Female Octopuses Throw Things at Male Harassers (GOOD FOR THEM!!)
Words of the Month
sucker (n.) A “young mammal before it is weaned,” late 14th C., agent noun from suck. Slang meaning “person who is easily deceived” is first attested 1836, American English, on notion of naivete; but another theory traces the slang meaning to the fish called a sucker (1753), on the notion of being easy to catch in their annual migrations (the fish so called from the shape of its mouth). As a type of candy from 1823; especially “lollipop” by 1907. Meaning “shoot from the base of a tree or plant” is from 1570s. Also the old name of inhabitants of Illinois. (etymonline)
Words of the Month
folly (n.): From the early 13th C., “mental weakness; foolish behavior or character; unwise conduct” (in Middle English including wickedness, lewdness, madness), from Old French folie “folly, madness, stupidity” (12th C.), from fol (see fool (n.)). From c. 1300 as “an example of foolishness;” sense of “costly structure considered to have shown folly in the builder” is attested from 1650s. But used much earlier, since Middle English, in place names, especially country estates, probably as a form of Old French folie in its meaning “delight.” (etymonline)
We’re eliminating this section of the newzine. What’s the point? They are into everything and will soon own everything. The windmill has won…
The Storyteller’s Promise: William Kent Krueger on the power of fiction and the profound experience of offering readers a little hope
Other Forms of Entertainment
Words of the Month
rube (n.): From 1896, reub, from shortened form of masculine proper name Reuben (q.v.), which is attested from 1804 as a conventional type of name for a country man… As a typical name of a farmer, rustic, or country bumpkin, from 1804. The Reuben sandwich of corned beef, sauerkraut, etc., on rye bread, an American specialty (1956) is the same name but “Not obviously connected” with the “country bumpkin” sense in rube [OED], but is possibly from Reuben’s restaurant, a popular spot in New York’s Lower East Side. Various other Reubens have been proposed as the originator. (etymonline)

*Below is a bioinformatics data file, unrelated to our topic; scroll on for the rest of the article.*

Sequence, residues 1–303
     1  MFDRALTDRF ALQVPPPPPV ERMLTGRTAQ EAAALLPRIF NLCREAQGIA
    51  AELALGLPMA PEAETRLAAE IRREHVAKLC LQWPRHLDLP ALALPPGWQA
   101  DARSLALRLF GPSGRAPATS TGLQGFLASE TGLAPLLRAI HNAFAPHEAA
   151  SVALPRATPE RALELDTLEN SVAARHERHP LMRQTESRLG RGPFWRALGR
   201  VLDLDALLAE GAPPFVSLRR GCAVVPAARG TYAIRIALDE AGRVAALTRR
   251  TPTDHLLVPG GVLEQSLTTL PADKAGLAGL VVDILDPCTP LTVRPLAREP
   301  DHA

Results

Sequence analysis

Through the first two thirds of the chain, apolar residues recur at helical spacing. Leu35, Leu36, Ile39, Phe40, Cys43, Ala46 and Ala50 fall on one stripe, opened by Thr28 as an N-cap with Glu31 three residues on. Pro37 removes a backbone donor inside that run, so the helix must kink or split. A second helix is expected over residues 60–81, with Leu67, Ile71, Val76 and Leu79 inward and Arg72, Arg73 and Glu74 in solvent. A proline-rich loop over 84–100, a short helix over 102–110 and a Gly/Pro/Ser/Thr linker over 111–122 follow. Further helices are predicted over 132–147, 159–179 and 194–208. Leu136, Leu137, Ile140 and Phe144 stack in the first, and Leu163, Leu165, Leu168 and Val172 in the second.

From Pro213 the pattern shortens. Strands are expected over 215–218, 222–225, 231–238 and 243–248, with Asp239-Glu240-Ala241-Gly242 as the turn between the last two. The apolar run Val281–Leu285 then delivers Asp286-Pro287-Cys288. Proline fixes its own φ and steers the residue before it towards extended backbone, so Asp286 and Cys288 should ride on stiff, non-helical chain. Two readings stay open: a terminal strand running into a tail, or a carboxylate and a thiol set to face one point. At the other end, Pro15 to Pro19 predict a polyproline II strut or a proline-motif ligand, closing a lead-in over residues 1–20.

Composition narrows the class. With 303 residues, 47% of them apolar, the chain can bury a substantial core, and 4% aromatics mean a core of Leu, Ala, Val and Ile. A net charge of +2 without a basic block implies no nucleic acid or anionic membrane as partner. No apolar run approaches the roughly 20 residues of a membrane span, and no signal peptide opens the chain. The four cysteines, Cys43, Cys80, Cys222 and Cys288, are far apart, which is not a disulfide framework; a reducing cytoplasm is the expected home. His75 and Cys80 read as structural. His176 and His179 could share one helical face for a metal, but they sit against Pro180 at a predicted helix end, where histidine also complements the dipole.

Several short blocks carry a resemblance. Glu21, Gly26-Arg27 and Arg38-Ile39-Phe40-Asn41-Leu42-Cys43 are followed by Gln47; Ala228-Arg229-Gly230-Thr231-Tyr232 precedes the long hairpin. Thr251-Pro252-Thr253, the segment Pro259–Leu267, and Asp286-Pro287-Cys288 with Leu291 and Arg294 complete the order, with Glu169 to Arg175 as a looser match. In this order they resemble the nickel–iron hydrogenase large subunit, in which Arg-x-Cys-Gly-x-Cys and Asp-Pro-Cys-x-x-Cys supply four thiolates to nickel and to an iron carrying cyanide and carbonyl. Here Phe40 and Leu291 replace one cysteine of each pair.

August 29: Ed Asner, the Iconic Lou Grant on Two Acclaimed TV Series, Dies at 91 [Asner was born in Kansas City and his brother Ben owned a record store just across state line in Missouri called Caper’s Corners. It was the place we all went to get concert tickets and buy LPs. Later it was revealed that Ben Asner was one of the biggest fences in the city.]
Links of Interest
July 28: Revisiting “The Year of the Spy”
August 10: Piecing Together the History of Stasi Spying
Words of the Month
con (adj.): “swindling,” 1889 (in con man), American English, from confidence man (1849), from the many scams in which the victim is induced to hand over money as a token of confidence. Confidence with a sense of “assurance based on insufficient grounds” dates from 1590s. Con artist is attested by 1910.
What We’ve Been Up To
A Noodle Shop Mystery (series) by Vivien Chien
One of the pitfalls of no longer working in a bookshop is that one occasionally falls behind in a series. Which I must confess – I don’t really mind. Why? Because when I eventually recall the temporarily neglected author, I’ve a backlog to zip my way thru! Thus allowing me to dive headlong and immerse myself in the world of an old friend and catch up with them…
This awkward phenomenon occurred most recently with Vivien Chien’s Noodle Shop Mystery series. Where over a week, I devoured Fatal Fried Rice – where Lana’s cooking instructor winds up dead and lands Lana in very hot water. Killer Kung Pao – where the sourest business owner in the Asian Village is accused of murder, and her sister asks Lana to clear her name. And Egg Drop Dead – during Noodle House’s first catering gig, for the owner of the Asian Village, one of the owner’s staff ends up dead, and Lana’s detective skills are pressed into service.
I reveled in every word I read.
Here’s what I love about this series: Chien does a great job in varying motives, methods, investigative techniques (as Lana learns or stumbles onto new strategies), and culprits. Thus giving each of her books a sense of freshness, variety, and surprise – a feature often missing from other cozy mysteries. Another reason I enjoy this series is the fact the book’s solutions make sense. As in, I don’t need to suspend my disbelief in thinking an amateur sleuth could stumble onto the truth. Which, again, is a nice change of pace.
Above and beyond these aforementioned attributes – these books are witty, fun, and intelligent reads.